165: Processes: The Inside Track on Internal Documentation

ABOUT THIS EPISODE

Contact info:

Owen@SweetProcess.com

www.SweetProcess.com

www.SweetProcess.com/PFTI

Bio:

Owen McGab Enaohwo is the CEO and Co-founder of SweetProcess, an easy-to-use software that enables company executives and their employees to collaborate together to quickly document and/or improve their standard operating procedures, processes, and policies.

Owen was previously the CEO of Hire Your Virtual Assistant (H.Y.V.A.), a virtual assistant service for small business owners. His specialties include business development, negotiation, operations management, and more.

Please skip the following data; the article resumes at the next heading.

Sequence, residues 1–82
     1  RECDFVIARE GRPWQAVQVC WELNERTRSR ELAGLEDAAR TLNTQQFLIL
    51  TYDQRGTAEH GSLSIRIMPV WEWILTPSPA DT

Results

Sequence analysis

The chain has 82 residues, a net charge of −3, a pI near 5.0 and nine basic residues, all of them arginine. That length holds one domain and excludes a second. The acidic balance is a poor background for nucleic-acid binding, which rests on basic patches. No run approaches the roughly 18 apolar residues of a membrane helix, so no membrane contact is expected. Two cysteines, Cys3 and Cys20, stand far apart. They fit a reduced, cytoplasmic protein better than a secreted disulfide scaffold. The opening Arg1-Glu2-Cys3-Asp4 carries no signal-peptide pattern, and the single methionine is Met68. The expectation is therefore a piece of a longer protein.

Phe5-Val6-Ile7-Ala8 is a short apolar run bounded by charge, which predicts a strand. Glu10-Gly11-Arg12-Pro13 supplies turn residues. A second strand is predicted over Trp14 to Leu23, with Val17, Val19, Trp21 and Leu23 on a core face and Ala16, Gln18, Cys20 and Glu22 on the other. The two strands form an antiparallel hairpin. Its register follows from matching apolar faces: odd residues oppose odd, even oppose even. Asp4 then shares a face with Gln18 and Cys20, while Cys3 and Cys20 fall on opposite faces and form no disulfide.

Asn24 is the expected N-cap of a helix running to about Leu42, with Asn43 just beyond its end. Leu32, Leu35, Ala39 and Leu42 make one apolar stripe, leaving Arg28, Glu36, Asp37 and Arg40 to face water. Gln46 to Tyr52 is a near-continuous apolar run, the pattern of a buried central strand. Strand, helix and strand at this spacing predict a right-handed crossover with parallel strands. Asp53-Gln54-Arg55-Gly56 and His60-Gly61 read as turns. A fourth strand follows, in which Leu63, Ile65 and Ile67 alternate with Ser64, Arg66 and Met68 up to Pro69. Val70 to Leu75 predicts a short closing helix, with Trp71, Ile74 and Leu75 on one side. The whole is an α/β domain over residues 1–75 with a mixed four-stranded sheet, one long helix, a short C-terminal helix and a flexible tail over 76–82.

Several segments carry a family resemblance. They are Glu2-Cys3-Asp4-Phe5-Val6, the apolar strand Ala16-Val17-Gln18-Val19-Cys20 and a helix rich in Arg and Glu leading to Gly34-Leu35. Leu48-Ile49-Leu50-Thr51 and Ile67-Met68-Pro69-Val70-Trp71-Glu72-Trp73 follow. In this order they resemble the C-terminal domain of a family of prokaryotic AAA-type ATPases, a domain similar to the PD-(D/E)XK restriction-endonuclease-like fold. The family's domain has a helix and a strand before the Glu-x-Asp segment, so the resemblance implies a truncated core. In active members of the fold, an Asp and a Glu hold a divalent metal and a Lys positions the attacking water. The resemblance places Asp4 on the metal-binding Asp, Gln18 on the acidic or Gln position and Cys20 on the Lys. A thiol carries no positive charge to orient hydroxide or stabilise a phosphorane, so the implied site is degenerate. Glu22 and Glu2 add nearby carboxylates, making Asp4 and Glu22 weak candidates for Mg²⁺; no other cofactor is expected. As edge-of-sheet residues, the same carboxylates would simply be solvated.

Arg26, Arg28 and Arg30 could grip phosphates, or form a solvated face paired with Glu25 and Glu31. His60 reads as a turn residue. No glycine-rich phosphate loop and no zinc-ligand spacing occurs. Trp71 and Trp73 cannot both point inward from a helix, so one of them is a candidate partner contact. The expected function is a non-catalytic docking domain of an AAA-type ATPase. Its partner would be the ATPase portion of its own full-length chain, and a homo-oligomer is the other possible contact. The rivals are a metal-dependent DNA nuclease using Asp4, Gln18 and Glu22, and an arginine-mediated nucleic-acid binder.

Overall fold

This is profit from the inside, with Joel Block insights to give your business the inside track. And now here's your host, Joel Block. How often you wake up in the morning and you worry what happens? If something happens to me, will my team be able to take over for me? Are Our processes and procedures good enough for others to come in and take over? Is Our documentation in order, and where do we even start? Answer those questions. Owen mcgab and now Ohen, welcome to show. So, Joe, thanks for having me on the show and I'm glad to ask this question. So lead the way and I go ahead, and it's all that I pronounce your name Right. That's the step number one. It was closed. So it's Owen mcgab and now will but that's good. Close enough for a prize? Yeah, close enough, all right, good. Thank you, hey man. Well, listen, so you're a you're an expert in in process and documentation of those procedures and you know, I get all the reasons that you the little companies need to do a bigger companies are usually on their way. What are you seeing in the world of middle size companies? Are they do they generally have good documentation about process and procedures. Are Are there problems that they need to be paying more attention to? So just so quick, you know background Soli the listener. Not So. I'm more of a provider of a software that makes it easy for employees to collaborate together the document procedures right. So not necessarily a my process consultant, because those are two different things. So where we find people coming to issues with this is that it might be, you know, they've been running their business and they don't have procedures in place and so they come to a situation where, you know, they knew they need to have these things documented and it's all in their head and so they're the only ones that have these instructions and their word. Okay, what happens? If I'm not here, nobody's going to know how to get work done. Or it might be they've started documenting procedures, but they have it in maybe by office binders or piece of paper to know what is even referring to you. And now they want to get into a place where, you know, it's online and people can go to one central position place online to find this documents and have that continuous improvement, if, if at all, that you know, it's always continuously improved. The other extreme of this that we see is as sometimes people maybe they have documentation in place, but they're using software that really is so hard to use the people are not even using it, so they hardly reference it. So it's runs different spectrum of the of the issue. So so what do you what do you notice? Is Like the lowest level of organization, with that be like a word documentor is, or even a level that's lower than that. But there's lower than that is not even having anything in the first place. It's all in someone's brain. Yeah, and then the next level is they have some word document or piece of paper or offer, is buying. They're kind of thing. And so that's usually the lower levels of this. And and what what like one of the choices the companies have, because I would imagine even a lot of companies that are doing, you know, a hundred million dollars in sales have stuff in binders. You know, the the owner of the company thirty years ago. That's what they set up and that's just kind of how it continues to work. So what are some of the funny processes you did the funny documentation systems that you've seen companies? Have there been any? The funniest I've seen is a situation where, I mean it's it was funny to me, but the person was going through was a nightmare. They were just depending on somebody who's been in the company for so long to, you know, whenever something they they need to get some work done. That person is like the person who remembers how it's done, because they had that kind of memory to reflect and remember stuff. But the person left and now it was chaos, right, and they didn't take that time to document things in the first place. So that was the system they were relying on. The...